Children’s television has “a long way to go” to reflect the diversity of its audiences, a new report has found.
The analysis of 595 kids’ shows more than 154 televised hours in Canada in 2017 found a significant shortage of characters who are racially diverse, from less affluent socioeconomic backgrounds or show signs of physical disability. It also found that off screen, men tend to dominate roles for creating, writing and directing shows.
The report, from researchers at Rutgers University, UCLA and Ryerson University, is part of an eight-country study led by the International Central Institute for Youth and Educational Television. It raises questions about on-screen representation in entertainment for children who are at a crucial age in developing their point of view of the world.
“Children’s media has immense power in shaping kids,” said Colleen Russo Johnson, a developmental psychologist and co-director of Ryerson University’s Children’s Media Lab who co-authored the report set to be released Wednesday.
Diversity in entertainment is important both for the children who could see themselves represented more often, and for the children whose own understanding of the scope of their peers’ experience could be improved, she said. “Kids need to see themselves on screen and other kids need to see them on screen.”
The study found that just more than one-third of characters in kids’ programs are female, which represented no change from 10 years earlier when a similar study was conducted in 2007. And almost no characters are shown with evident physical disabilities or living at anything less affluent than a comfortable middle-class standard. Only a quarter of characters were racially diverse.
The study also pointed out that in the programs analyzed, female characters were more than twice as likely as male characters to be diverse, which “suggests that some shows may be trying to ‘check two boxes’ with one casting.”
The study found that male characters were more likely to use “STEM” (science, technology, engineering or math) skills to solve problems while female characters were more likely to use magic.
Physically, female characters were more likely to be “thin or very thin” than males, the study found. While the majority of main characters analyzed were portrayed as having equal roles between male and female, male characters were twice as likely to be shown as being leaders. Males were also three times as likely to be shown as loners, which Prof. Russo Johnson said points to potentially damaging stereotypes being foisted on young male viewers, who need to be shown a diversity of male characters, such as those who draw strength from sensitivity.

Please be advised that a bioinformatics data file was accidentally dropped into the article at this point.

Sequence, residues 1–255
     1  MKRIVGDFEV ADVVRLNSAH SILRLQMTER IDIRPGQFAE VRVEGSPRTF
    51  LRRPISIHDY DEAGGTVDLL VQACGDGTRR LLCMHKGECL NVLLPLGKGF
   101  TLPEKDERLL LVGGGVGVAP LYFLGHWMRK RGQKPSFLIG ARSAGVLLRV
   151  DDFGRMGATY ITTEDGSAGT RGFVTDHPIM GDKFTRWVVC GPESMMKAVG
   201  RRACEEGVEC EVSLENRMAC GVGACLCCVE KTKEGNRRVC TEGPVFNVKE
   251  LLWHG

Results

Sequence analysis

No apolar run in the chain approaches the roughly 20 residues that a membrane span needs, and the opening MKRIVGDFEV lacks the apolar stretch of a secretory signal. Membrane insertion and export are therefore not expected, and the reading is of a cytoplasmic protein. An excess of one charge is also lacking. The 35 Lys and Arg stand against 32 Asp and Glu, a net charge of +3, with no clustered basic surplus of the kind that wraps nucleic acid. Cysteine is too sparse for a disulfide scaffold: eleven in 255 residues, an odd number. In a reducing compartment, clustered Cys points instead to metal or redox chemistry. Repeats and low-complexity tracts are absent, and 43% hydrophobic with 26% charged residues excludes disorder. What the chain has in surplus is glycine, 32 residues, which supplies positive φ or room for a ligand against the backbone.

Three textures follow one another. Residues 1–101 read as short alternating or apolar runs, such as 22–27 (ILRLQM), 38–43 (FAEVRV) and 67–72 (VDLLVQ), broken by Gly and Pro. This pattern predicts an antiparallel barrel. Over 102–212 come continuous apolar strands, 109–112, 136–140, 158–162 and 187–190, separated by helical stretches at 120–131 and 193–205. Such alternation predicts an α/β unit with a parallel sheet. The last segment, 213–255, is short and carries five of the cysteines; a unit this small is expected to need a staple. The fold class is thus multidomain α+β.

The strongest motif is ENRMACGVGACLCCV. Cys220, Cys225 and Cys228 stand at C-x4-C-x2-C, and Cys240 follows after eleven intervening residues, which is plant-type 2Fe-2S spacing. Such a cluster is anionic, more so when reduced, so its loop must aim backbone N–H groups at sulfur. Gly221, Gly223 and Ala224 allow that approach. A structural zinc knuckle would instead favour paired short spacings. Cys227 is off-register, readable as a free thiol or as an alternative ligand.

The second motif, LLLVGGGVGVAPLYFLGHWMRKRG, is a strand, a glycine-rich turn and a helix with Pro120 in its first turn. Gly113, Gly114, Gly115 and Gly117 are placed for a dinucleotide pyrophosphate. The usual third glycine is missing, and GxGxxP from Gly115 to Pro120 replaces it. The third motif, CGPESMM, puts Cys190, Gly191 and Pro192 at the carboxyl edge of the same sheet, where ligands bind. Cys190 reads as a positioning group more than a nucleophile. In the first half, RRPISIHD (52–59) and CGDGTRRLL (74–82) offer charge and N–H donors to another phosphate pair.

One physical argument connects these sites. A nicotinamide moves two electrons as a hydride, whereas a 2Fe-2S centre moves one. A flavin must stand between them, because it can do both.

Part of the issue, Prof. Russo Johnson said, is that people unconsciously create stories that speak to what they know.
Not all of this is shaped by the Canadian production industry: reflecting the overall dominance of non-Canadian (largely U.S.-based) shows on TV, the study’s analysis of shows on Canadian screens recorded 58 per cent that were foreign-produced; 21 per cent co-produced between Canadian and foreign companies; and 21 per cent that were domestic Canadian productions.
The study examined shows on television only, in order to be more comparable to the 2007 study. There is still a great deal of overlap, with shows broadcast both on TV and on streaming services. But Prof. Russo Johnson said she’d like to expand the study to look at programs produced specifically for digital services as well.
The report reflects concerns about on-screen representation that have been more actively discussed across the industry – not just in kids’ TV – in recent years. For example, the Writers Guild of Canada has created a diversity committee, which selects one script each month submitted by self-identified diverse writers, to provide script suggestions and support to move it forward and help writers sell their ideas.
Prof. Russo Johnson has seen how awareness of these issues can have an impact on the content: Her husband, Sinking Ship Entertainment co-founder J.J. Johnson, created the show Annedroids and was inspired after reading the 2007 study to change his male main character – a genius scientist – to a female. Programs can find success by telling those stories, Prof. Russo Johnson said.
“It’s good for business to reflect the [viewing] population on screen."